Teaching Technique

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    Obviously you can’t swim fast without having decent technique. I want to improve on my coaching skills in this area.

    I saw two of my swimmers with pretty good technique this year start working hard to hit new race paces just over the last few weeks and they performed really well at sections. That was with not taking practice very seriously the first two months of the year. One of them was injured the beginning of the year. It was frustrating to my swimmers with not as great technique who worked really hard all year and got beat by the “slackers” at the end of the year. I know I failed them in the technique aspect a bit this year.

    Here’s my question. What are some good resources I can use to improve my technique coaching skills? When I first started coaching 3 years ago I was reading everything I could find on the internet, I bought the Swim Coaches Bible and Developing Swimmers, I took the ASCA stroke school which was helpful for coaching my younger club kids. I also bought a lot of DVDs but they all have a bunch of complicated drills that I have never found to help my swimmers. I’m sure it’s partially my fault for not implementing them correctly. I’ve found it most helpful to just tell my swimmers what I want them to focus on rather than doing most of the drills they recommended.

    Anyone have any tips or places to go? Do you guys agree with Rushall’s commentary on technique for the most part?

    "Most people have the will to win. Few have the will to prepare to win."


    I disagree with Rushall’s technique as follows:
    1. Bilateral breathing – I say it’s not best
    2. Breath every 2 in fly – not for everyone
    3. No gliding in breaststroke – have fun with that in 200 br LC

    Other than that I like what he says.


    I totally agree! Drills are a complete waste of time. I’ve seen my fellow coaches spend all their time nagging on smimmers on how to perform the drill instead of focusing on the objective of the drill.
    And what is good technique anyways? Good technique changes with who holds the current world record.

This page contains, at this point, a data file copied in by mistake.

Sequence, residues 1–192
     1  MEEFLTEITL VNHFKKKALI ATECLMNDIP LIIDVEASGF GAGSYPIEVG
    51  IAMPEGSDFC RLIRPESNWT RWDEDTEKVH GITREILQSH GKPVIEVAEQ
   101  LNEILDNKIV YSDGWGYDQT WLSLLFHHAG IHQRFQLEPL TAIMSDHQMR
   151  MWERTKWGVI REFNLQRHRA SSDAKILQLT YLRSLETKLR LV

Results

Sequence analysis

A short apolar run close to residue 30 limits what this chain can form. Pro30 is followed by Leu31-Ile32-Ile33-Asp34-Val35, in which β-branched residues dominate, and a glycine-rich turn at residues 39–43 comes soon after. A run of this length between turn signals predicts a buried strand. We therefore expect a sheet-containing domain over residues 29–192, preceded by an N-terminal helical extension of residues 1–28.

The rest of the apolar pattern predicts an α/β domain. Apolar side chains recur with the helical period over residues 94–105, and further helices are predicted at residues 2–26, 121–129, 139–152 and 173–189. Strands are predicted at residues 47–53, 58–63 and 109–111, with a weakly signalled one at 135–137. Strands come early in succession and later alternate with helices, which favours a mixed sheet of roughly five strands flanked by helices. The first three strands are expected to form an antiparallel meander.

Three key features define successfull swimming; strength, ability to grab the water, and reduce water resistance = DPS and frequency = speed.


    I think most if not every coach would agree that technique is king, but not many emphasize it like it’s king. Dr. Rushall has an e-book on coaching pedagogy. It’s something worth looking into. I think how to teaching proper techniques is a great topic and would like to learn more from others here.

    I think some can do bilateral breathing but many are not comfortable it. A few of my swimmers can do it. Rebecca Soni doesn’t appear to have a glide phrase in her 200m br in London for the last 100m.

    I am still trying to implement all the techniques according to Dr. Rushall. I found using underwater videos for immediate feedback to be most helpful. I’m interested in what others have to say bec I have only been coaching for a little less than 2 years.


    Regarding breathing in fly, Sarah Sjostrom swam 50m fly without taking a breath. The idea is to limit the breathing to stay in streamline to reduce drag and therefore swim faster. I think it’s correct but not easy to do and, obviously, not for everyone.


    Swimming/USRPT aside, one thing I have invested in is my ability to teach/communicate effectively. From what I gather you already have the knowledge and it’s just a matter of imparting it. Sometimes it’s simple things like only teaching one thing at a time and teaching those things in a logical order.

    The problem is not a lack of knowledge. I can show my swimmers videos of themselves and they will be able to correctly assess themselves, yet they return to the same messed up technique.

    There are a lot of factors here to discuss, but I have found great value in working on my teaching skills e.g. clear outlines, opportunities for application, problem solving, etc…

    ? P2Life - Performance Nutrition


    I think Dr. Rushall might have written in his Swimming Pedagogy that it takes at least 3000 repetitions of the correct movement to become habit. Performing the EVF in freestyle is still a challenge for most.




    Early vertical forearm

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